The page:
6. I think that it’s important for people to network and work with their peers on their course work. If you’re tackling Uni as a lone wolf you may as well just learn online.

    Also, most people don’t have ready access to the equipment offered. I do however know some people who have cadavers in the fridge.

  7. Hi Toby i want know that which University is best to study in Australia for medicine and chess ur University provide pg course in medicine

  8. I can't say yes or no because that depends of on view of your and of that who is going there for some person that is good place but by others view it was waste of time
    Like me .

  9. I manifested my own depression a wives tail a day and on day two walking home from school I walked by my adversary home and on a ( sidewalk ) ⏹️ my worst dream came true later I went to Towson University a non degree seeking student + regular Army and still had to go to work but in classroom no one asks questions like it not cool unless you are the President

  10. I don’t disagree (but I do like using double negatives). If your goal is to acquire degrees like a stamp collection and/or to increase your market value then you may not have the proper mindset. My personal motivation had always been to satiate my own curiosity and I honestly enjoyed the academic environment. I would typically find myself surrounded by likeminded individuals, not as an active strategy but as a natural result of engaging with those who would reciprocate through stimulating conversation. In my honest opinion, and in the context of advanced degrees in physics and mathematics in particular, the most valuable tool one can receive is the ability to teach yourself and discern the veracity of whatever it is you’re trying to learn.

  11. At university, I spent almost all of my time as an undergrad getting involved in research projects and such.
    My marks suffered a lot due to neglect 🙁 but it gave me a lot of experience and left me connected with a huge network of future job opportunities (when the post grads I was working with moved off into the world).

  12. In my experience, my most enjoyable and rewarding time in college was in graduate school. To get there, when I was young, was only possible by graduating with an undergraduate degree. Learning how to learn, and the development of academic self discipline were important take aways for me.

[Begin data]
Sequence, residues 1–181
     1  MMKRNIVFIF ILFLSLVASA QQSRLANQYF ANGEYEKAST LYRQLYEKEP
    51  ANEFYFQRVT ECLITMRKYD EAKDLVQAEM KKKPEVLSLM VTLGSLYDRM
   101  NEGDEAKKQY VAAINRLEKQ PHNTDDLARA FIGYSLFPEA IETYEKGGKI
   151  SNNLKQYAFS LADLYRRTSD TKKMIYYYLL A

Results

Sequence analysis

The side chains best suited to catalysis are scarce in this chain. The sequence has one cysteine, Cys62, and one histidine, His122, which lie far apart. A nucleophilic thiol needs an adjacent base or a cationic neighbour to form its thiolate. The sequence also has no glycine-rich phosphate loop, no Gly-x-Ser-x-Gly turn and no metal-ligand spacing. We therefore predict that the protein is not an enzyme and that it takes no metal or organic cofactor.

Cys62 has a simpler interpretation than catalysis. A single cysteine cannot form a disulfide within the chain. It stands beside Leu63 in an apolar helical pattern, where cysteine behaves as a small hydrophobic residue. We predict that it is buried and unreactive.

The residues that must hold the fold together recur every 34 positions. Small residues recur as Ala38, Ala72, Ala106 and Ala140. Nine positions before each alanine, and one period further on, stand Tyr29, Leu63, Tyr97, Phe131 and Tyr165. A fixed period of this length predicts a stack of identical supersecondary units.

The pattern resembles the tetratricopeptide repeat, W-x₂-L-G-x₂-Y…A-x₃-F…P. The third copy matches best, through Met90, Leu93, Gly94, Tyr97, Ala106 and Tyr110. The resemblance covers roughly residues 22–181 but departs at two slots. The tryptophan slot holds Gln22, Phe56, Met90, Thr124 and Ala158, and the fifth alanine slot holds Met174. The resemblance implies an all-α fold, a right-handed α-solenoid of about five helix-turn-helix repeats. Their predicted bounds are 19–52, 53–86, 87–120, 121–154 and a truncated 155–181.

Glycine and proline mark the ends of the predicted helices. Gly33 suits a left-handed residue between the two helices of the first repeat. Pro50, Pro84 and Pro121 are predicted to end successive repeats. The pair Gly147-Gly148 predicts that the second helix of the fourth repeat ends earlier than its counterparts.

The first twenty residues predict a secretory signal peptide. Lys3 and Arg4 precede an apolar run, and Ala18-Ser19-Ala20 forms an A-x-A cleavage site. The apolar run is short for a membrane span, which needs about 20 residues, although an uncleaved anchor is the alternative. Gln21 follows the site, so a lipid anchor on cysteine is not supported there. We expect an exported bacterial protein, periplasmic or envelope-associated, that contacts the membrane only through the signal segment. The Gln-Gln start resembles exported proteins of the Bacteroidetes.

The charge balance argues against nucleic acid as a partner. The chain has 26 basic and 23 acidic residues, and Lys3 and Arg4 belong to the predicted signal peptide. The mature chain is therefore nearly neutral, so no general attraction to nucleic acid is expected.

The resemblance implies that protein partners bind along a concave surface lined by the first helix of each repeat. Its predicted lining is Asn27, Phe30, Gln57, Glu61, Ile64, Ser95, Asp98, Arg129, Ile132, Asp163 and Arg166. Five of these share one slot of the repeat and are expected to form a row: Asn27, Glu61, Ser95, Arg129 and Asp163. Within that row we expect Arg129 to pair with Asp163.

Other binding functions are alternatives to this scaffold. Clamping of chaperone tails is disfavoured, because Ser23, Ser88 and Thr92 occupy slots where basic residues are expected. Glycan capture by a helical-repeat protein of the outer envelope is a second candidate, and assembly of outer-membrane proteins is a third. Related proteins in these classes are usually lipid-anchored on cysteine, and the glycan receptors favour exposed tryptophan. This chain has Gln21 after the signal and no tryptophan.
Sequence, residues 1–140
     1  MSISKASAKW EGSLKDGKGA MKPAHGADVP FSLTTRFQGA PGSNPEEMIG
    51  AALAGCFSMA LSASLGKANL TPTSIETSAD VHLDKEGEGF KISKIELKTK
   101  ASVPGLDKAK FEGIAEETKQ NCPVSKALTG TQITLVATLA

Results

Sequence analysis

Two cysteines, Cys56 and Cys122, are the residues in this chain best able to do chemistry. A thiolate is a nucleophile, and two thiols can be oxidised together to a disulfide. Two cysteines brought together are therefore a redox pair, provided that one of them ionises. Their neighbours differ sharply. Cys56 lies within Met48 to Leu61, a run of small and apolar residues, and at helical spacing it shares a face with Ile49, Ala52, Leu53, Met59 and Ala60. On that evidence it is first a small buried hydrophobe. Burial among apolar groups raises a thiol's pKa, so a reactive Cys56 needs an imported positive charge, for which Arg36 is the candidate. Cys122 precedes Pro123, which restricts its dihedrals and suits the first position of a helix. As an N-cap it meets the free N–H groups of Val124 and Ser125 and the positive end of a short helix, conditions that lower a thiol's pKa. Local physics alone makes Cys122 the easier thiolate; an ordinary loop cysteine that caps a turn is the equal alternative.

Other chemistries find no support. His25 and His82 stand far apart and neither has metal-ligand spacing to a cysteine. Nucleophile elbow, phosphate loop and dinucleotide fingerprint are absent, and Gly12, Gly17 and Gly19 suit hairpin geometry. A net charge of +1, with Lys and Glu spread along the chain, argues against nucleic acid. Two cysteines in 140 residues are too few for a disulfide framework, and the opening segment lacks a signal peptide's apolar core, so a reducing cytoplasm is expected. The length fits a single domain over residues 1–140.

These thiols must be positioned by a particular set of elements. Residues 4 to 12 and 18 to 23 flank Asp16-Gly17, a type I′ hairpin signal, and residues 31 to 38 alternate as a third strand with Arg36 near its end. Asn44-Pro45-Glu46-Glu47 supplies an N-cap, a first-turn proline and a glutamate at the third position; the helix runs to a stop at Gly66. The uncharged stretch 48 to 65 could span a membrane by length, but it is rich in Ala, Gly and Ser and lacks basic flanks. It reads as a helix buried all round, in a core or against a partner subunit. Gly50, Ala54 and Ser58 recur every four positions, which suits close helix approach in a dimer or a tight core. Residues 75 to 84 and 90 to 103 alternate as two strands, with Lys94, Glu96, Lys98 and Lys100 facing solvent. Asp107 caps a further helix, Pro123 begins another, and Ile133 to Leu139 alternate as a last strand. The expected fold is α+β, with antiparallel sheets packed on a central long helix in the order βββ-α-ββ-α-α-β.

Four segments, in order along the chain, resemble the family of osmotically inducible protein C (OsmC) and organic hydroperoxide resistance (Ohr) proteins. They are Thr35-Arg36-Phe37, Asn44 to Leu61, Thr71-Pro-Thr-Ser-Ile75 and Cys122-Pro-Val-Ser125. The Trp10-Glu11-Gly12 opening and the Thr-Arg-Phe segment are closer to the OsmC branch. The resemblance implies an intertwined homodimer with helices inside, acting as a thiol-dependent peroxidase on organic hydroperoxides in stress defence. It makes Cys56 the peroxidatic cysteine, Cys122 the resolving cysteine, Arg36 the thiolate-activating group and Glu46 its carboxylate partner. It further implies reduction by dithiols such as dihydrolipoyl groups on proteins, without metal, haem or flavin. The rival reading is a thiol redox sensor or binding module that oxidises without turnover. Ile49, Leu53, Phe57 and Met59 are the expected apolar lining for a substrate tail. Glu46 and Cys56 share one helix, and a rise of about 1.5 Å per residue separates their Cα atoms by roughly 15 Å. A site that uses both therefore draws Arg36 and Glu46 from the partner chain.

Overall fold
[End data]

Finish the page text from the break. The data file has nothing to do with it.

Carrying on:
13. A huge problem here in the US is student loan debt. In fact just in the news yesterday it's been stated to be the 2nd largest debt cause here. The total annual student debt across all students was stated to be $1.6 Trillion. The only other one bigger was home loan debt. That means student debt is worse than car loans, health loans, etc. It's really messed up.

  14. I am looking forward to a video giving a definition of "time", and a video giving a definition of "waste". Perhaps "Is university / college a misuse of life?"?

  15. No, but it must be urgently updated to match the today's world and its labour market.
    Education must be eased through all workers' working life.

  16. It really is sad that some people only go to University to get a degree so they can get a job – not to actually learn anything. At the same time, there are people out there that never went, and are far better workers/smarter than some of the graduates. I would hire experience/character over a degree ANY day.

  17. Another thought provoking video Tibees, great stuff.
    In the (freezing cold!) UK University has changed over time, it's not the institution it once was.
    Tuition fees have had a big effect:
    https://www.rt.com/op-ed/478553-inflation-of-grades-english-universities/
    Careers can be a lottery too, now a diversity student can walk into a 6 figure non-job whereas an engineer can be scraping by for years with their debt load. I think today it's important to study and aim for something you are actually interested in and that advanced humanity – then you won't go far wrong.

  18. Contrary to what others have said in the comments, I find myself time and time again disappointed by my peers at uni. I'm studying engineering science in Europe. When I got out of high school, I thought uni would be a place where I'd meet tons of hardworking people passionate about the maths and sciences we'd be studying; intelligent people who subscribe to the idea that gaining knowledge is valuable.

    Although the programme has a relatively large body of enrolled students, a big portion is the exact opposite of what I expected. Not at all interested, childish, lazy, and making fun of whomever shows interest in gaining proper understanding of subjects. "Party hard, cram, and get that piece of paper" is the agreed upon philosophy (irony of the word intended). Imagine the kinds of group projects I've sat through.

    I read somewhere down here that "if you're the smartest person in the room, you're in the wrong room". My question is: if not uni, which room had you in mind where the pursuit of knowledge is more to be prevalent? In my opinion, the university system is poisoned, and the antidote is young students being taught ethic. That's not ethics. Ethic. Character. Responsibility.